Let’s assume the Brewers get above-average defense and an infusion of OBP atop the order from Lorenzo Cain. They will come away happy, even at $80 million over the next five years.
There is another immediate winner following Cain’s decision to sign with Milwaukee.
In early January, the Rangers were linked to Cain.
The move made sense as a great potential landing spot for the free-agent outfielder, as Texas seemingly needed a solution in center field after squeezing 2.3 WAR out of Carlos Gomez in 105 games on a one-year deal last season.
Perhaps they already had their solution on the roster.
If the Rangers had signed Cain, Delino DeShields Jr. would have likely moved back into a platoon in left field with Willie Calhoun. With that, the plan might have been regular starts against left-handed pitching, and occasional starts against righties when one of Cain, Calhoun, Nomar Mazara, or Shin-Soo Choo needed a breather. A path to another 350-400 plate appearances, but a pretty firm ceiling barring a major injury to one of the four outfielders ahead of him in the pecking order for playing time.
During the final two months of 2017, DeShields led off for the Rangers in all but one of his starts, with the exception occurring on the last day of the regular season when Elvis Andrus took the spot and DeShields hit second. The playing time increased down the stretch as he started all but two games in September, splitting time between center field and left field.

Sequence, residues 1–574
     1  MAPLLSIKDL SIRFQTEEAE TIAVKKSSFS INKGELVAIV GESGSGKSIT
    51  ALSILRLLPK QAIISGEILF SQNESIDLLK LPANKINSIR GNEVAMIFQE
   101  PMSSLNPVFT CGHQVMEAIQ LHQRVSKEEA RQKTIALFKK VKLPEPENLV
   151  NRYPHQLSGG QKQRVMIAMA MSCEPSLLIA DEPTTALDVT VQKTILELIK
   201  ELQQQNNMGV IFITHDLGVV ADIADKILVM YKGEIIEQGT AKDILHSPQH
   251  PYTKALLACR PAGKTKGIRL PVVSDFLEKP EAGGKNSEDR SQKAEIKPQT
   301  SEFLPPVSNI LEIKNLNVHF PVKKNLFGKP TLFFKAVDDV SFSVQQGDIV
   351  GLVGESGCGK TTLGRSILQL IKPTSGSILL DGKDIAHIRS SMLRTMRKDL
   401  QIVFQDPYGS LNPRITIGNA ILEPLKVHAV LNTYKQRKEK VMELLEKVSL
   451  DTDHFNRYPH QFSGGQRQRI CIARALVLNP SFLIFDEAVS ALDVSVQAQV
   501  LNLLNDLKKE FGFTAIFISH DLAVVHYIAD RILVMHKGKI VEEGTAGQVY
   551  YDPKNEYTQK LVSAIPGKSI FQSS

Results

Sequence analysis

Unless the Rangers are planning on bringing back Gomez, center field now appears to belong to DeShields on a full-time basis.
As splits go, DeShields was still better against lefties than he was against righties last season, but a .277/.348/.348 line against righties works when the job is to get on base and put pressure on opposing batteries with speed, leaving the likes of Andrus, Mazara, Adrian Beltre, Joey Gallo, Choo, Calhoun, and Rougned Odor to drive in runs.
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It’s worth noting that his OBP is actually solid, backed by a double-digit walk rate (10.0% BB% in 2017) rather than a surprisingly high number of HBPs. As deep as the Rangers’ lineup is, the list of viable replacements for the leadoff role is short.
Just 25 years old, DeShields has enough power to occasionally drive an inside pitch into the bleachers (think 8-10 homers), but the calling card is his speed, which has frequently placed him near the top of the Statcast Sprint Speed Leaderboard. Perhaps more importantly, he’s already demonstrated the ability to use his speed as an efficient basestealer, going 62-for-81 (76.5%) over 315 MLB games.
With skills that are largely unchanged, DeShields should have an easy path to 30-plus steals in 2018, but even a slight improvement to his strikeout rate (24.8% in 2017) could nudge his OBP up even further, opening up additional green lights to run.
DeShields is one of five players projected by Steamer to reach 30 steals this season, and three of the other four are being drafted consistently in the Top 40 overall: Trea Turner, Dee Gordon, Billy Hamilton, and Starling Marte.
The cost is low in early NFBC drafts, as he’s carrying an average draft position of 204.1, but he will justifiably inch up draft boards if the Rangers continue to move forward with Drew Robinson and Rule 5 pick Carlos Tocci as DeShields’ only competition for playing time in center field.